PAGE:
“I heard you Jenna. I saw the big news announcement and a sense of dread over took me.” He walked to the shards of thick glass on the floor. There was a crunch under his foot. Forty eight.
“And you’re not excited about it? God, man, these are vampires we’re talking about here. Aren’t you even curious?”
“I have more pressing issues. I could care less about who the specimen came from. We just run the tests and extract data. It’s not like we’ll ever get to meet any of the donors from the study,” He swept up the debris gently with his hand. “I don’t want to focus on vampires right now.”
“Okay, what the hell happened? Did you break your computer, again? Another over-clocking incident? Is that why you’re so depressed all of a sudden?”
“Mary’s bowl broke.” He sighed.
“About time!” She expressed instant disdain for his choice of sentimentality. “I’ve hated that thing ever since that art reject ripped your heart out and served it to you in the form of a crappy ashtray.”
“It’s not-” Herald was cut off as he reached for an empty box of take out near the window.
“-Bullshit! It’s exactly like that. She held you back. You would have gone to medical school if it wasn’t for her. She made you support her while she got her career in order, then left you in the defect bin.” She told the truth he didn’t want to hear it.
“I would have gone. I just didn’t have the time,” he dusted off his hands.
“Then can you tell me why you haven’t tried again? Why you haven’t picked up the desire you used to rant about ten years ago in graduate school?” She huffed. She knew the answer. But he wasn’t going to admit it no matter how hard she pushed him.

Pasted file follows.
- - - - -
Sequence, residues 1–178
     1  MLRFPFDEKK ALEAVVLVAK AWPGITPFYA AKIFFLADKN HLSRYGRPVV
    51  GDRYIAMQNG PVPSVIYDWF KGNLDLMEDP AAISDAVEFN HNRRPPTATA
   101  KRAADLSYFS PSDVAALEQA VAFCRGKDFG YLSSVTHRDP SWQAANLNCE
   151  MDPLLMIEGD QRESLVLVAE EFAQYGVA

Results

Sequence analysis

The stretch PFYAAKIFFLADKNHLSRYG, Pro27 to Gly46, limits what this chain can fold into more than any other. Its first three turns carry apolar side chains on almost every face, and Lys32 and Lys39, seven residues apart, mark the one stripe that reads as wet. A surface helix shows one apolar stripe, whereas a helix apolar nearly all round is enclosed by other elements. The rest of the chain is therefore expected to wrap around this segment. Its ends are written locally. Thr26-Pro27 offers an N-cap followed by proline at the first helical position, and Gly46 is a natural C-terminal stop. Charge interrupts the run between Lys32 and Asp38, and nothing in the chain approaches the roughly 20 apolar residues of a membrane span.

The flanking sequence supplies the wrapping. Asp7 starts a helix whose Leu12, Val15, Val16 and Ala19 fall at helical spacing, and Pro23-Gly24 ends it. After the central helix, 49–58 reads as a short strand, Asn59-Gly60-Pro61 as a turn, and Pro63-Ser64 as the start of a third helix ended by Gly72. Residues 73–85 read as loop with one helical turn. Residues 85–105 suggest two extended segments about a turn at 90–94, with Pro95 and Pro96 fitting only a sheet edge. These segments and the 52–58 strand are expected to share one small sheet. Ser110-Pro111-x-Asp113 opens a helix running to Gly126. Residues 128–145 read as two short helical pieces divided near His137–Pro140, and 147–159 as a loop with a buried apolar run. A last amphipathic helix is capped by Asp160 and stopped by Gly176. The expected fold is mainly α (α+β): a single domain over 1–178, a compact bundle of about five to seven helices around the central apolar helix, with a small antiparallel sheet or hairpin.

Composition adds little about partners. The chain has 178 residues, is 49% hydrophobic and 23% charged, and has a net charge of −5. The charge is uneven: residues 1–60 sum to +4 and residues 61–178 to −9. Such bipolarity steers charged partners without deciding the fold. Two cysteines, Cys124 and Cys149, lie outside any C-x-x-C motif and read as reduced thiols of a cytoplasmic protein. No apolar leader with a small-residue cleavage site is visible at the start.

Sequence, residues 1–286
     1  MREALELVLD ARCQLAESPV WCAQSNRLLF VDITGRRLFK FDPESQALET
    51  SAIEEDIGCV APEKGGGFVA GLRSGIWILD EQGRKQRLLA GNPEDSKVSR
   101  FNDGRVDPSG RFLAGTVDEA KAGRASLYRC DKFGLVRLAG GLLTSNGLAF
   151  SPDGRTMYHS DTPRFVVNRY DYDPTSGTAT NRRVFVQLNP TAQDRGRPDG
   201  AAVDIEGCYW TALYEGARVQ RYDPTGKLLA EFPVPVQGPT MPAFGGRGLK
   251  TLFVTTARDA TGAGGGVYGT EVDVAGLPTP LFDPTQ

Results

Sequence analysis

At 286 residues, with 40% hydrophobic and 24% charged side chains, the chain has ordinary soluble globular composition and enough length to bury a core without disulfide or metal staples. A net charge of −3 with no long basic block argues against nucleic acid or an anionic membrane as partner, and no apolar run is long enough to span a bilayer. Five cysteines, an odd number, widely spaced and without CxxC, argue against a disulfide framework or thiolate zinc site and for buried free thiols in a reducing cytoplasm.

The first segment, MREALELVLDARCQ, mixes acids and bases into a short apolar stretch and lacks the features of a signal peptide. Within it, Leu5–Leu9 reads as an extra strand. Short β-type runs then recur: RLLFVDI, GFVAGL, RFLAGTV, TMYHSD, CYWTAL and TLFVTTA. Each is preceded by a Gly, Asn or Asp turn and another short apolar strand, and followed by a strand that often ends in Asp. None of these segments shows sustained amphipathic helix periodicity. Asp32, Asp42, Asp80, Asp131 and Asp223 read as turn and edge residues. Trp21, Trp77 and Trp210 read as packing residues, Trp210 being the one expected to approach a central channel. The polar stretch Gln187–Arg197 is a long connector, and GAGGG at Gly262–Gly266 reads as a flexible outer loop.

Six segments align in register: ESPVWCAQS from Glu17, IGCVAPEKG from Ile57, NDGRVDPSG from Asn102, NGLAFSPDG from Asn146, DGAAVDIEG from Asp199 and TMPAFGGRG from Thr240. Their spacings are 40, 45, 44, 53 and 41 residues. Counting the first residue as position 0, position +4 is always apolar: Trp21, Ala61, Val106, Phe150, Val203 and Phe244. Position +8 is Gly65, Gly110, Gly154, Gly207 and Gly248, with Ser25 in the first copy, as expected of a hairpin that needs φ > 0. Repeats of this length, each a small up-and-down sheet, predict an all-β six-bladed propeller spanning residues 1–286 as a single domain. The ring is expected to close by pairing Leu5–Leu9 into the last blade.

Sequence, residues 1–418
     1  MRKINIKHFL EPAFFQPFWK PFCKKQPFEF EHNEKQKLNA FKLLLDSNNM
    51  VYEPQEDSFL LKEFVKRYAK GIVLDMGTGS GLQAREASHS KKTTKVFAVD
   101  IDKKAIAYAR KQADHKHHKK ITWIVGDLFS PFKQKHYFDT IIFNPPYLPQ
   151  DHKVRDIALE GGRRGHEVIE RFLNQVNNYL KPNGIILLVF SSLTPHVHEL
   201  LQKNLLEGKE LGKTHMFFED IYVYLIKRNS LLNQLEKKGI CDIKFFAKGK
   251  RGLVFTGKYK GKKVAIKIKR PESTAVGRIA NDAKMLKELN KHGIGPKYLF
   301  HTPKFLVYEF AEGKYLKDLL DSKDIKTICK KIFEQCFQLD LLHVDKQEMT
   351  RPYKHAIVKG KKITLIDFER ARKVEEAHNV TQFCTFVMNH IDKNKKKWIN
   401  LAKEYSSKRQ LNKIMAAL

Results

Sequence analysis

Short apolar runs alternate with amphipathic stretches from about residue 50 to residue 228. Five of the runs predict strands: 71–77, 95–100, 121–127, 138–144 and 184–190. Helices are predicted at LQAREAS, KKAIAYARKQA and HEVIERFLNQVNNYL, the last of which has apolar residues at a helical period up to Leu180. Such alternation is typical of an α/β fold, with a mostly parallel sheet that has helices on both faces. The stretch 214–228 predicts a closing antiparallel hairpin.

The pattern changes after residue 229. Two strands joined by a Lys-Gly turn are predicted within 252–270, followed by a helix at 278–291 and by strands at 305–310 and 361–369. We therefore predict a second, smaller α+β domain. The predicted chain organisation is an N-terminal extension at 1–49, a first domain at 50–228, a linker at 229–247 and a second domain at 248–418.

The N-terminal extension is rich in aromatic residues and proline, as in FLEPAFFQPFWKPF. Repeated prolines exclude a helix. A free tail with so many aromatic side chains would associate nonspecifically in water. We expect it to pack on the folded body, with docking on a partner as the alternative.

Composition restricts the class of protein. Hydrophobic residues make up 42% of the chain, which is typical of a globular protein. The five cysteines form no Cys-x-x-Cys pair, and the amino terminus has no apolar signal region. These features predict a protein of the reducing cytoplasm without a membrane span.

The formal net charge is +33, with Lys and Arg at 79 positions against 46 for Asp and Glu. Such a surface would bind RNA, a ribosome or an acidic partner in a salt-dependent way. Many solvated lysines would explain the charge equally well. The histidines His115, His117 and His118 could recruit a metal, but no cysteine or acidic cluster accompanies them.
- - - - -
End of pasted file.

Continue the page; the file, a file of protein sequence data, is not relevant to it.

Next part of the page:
“That’s in the past now. I’m making a good living with this. I like it.” His words convinced no one.
“You need to get laid and find a good woman.”
“I tried that. Remember?”
“Next time don’t hit on a lesbian. Especially one that’s already your friend. My brain’s just not wired in the way you want it to be. All you have to do is find one that is, and you’re golden.” Her advice was a tactic that had failed at the same step in countless attempts, the execution. He never followed through and she hated it.
“So just hook up, knock her up, and then hope she’s a good girl to settle down with. That’s a great plan.” He sighed, thinking about where to place his keys now.
“You can be dense for a genius. You don’t even know what it means to hook up. You should use protection, don’t be an idiot.”
He snapped out of his daze. “You never do.”
“That’s because I don’t have a dick.” She dug for the low blow, “And from the sounds of it, you don’t either.”
“Goodbye Jenna,” He hung up.